Gender Influence on Biracial Identity
Jasmine H. Simpson
Saint Mary’s College
Gender Influence on Biracial Identity
Previous research suggests that biracial people have a wide array of choices when it comes to their racial identity (Rockquemore, 2002). According to Kerry Ann Rockquemore, some biracial people choose to have a “border identity” that intertwines both of their racial backgrounds to create a “unique category of self-understanding” (Rockquemore, 2002). While this is not the case for every biracial person, Rockquemore also states that some biracial people may choose to only identify with one of their racial backgrounds and in most cases, black/white biracial individuals tend to identify as exclusively black (Rockquemore, 2002). There are quite a few significant factors that influence an individual’s choice of identity. These factors include an individual’s social network, family influence, and physical appearance (Rockquemore, 2002). As Rockquemore points out, gender as an influence on a biracial individual’s choice in identity is fairly underdeveloped despite the fact that race and gender do in fact interact with one another at a complex level (Rockquemore, 2002).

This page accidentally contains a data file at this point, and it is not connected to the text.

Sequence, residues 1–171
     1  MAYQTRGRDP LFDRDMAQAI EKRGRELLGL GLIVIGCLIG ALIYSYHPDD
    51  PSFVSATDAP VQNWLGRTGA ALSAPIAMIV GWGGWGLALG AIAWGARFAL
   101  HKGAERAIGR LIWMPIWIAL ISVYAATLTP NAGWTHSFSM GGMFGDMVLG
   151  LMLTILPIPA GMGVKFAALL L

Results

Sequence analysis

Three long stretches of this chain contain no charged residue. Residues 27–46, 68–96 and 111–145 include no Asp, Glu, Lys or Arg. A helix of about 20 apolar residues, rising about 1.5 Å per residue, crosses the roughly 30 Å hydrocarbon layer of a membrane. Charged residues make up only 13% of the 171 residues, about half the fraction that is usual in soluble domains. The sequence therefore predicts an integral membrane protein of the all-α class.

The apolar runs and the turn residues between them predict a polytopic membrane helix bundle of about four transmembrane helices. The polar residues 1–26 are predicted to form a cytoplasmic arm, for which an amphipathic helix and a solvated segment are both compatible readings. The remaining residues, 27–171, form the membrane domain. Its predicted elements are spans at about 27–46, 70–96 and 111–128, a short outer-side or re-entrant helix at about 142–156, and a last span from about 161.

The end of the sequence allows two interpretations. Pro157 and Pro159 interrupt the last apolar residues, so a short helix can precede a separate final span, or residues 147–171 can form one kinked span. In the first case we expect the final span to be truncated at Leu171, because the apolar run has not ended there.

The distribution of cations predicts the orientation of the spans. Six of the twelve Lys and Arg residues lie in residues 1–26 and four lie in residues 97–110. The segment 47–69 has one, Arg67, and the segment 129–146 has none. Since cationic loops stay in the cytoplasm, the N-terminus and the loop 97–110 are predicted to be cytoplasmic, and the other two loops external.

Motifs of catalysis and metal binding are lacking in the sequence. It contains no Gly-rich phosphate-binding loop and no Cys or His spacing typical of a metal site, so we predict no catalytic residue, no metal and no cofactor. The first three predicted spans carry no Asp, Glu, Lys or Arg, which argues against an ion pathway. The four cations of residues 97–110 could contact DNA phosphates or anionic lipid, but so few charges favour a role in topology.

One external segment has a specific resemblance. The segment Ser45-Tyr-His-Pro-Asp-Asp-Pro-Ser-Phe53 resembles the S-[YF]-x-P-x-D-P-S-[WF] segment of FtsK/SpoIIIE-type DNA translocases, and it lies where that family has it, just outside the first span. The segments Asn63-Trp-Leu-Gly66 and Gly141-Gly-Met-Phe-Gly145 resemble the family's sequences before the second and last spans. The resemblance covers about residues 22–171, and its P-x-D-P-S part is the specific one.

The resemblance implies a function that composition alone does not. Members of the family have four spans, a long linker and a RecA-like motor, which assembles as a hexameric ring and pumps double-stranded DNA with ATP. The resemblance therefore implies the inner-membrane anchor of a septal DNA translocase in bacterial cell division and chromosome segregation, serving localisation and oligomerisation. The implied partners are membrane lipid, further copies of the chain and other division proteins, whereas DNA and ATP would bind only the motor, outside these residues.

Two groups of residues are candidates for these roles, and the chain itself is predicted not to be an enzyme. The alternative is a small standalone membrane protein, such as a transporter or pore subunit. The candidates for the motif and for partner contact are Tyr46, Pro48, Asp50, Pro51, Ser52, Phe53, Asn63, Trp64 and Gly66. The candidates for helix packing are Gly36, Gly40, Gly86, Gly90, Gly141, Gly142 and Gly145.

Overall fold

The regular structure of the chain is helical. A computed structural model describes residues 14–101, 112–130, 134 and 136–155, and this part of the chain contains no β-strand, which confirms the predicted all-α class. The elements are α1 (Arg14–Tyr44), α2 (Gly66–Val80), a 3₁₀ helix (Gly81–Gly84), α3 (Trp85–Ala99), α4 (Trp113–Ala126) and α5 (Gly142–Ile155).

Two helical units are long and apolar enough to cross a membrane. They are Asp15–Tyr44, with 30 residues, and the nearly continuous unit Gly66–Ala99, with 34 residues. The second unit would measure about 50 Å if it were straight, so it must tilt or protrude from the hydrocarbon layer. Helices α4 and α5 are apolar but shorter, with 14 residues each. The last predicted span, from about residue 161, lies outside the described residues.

In Lauren Davenport’s article examining the role of gender and its effect on biracial Americans’ racial labeling, there was a trend in research that suggested biracial women were less likely to be perceived as a minority than biracial men due to the gendered nature of racism (Davenport, 2016). Being seen as a minority for biracial men led to them being much more likely to experience negative interactions such as discrimination, police brutality, and overall fear from white people (Davenport, 2016). Davenport’s article also suggested that physical attractability was a more important social factor for biracial women than biracial men which stems from skin tone discrimination and European standards of beauty (Davenport, 2016).